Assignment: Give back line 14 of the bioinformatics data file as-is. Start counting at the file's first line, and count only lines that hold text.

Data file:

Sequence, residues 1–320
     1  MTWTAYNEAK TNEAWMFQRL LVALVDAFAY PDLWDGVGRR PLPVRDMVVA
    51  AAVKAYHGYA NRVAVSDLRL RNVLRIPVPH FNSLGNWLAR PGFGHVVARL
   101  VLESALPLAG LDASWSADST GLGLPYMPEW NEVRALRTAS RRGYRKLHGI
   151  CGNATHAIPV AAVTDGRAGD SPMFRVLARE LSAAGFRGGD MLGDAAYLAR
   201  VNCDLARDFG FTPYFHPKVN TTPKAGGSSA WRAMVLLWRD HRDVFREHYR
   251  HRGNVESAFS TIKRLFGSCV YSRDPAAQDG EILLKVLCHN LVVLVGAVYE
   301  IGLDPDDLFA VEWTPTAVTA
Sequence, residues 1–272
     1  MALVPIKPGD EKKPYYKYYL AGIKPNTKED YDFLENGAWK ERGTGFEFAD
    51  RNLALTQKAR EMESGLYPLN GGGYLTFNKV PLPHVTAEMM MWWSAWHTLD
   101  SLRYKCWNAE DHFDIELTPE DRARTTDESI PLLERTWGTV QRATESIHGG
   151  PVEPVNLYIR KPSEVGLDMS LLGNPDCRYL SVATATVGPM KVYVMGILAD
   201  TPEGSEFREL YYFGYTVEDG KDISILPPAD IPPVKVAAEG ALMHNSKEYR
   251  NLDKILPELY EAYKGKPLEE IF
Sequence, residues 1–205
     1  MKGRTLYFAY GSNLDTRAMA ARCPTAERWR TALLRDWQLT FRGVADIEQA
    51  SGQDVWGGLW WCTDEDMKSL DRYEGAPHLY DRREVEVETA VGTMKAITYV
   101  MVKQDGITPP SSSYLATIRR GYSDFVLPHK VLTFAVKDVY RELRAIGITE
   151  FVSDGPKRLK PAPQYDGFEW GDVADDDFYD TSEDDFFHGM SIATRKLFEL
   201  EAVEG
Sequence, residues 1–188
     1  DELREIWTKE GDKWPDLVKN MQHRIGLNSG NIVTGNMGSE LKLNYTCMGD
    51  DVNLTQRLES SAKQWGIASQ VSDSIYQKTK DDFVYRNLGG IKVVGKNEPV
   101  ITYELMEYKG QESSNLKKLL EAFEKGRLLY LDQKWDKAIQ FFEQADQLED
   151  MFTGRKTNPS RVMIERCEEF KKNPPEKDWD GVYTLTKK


   201  TPEGSEFREL YYFGYTVEDG KDISILPPAD IPPVKVAAEG ALMHNSKEYR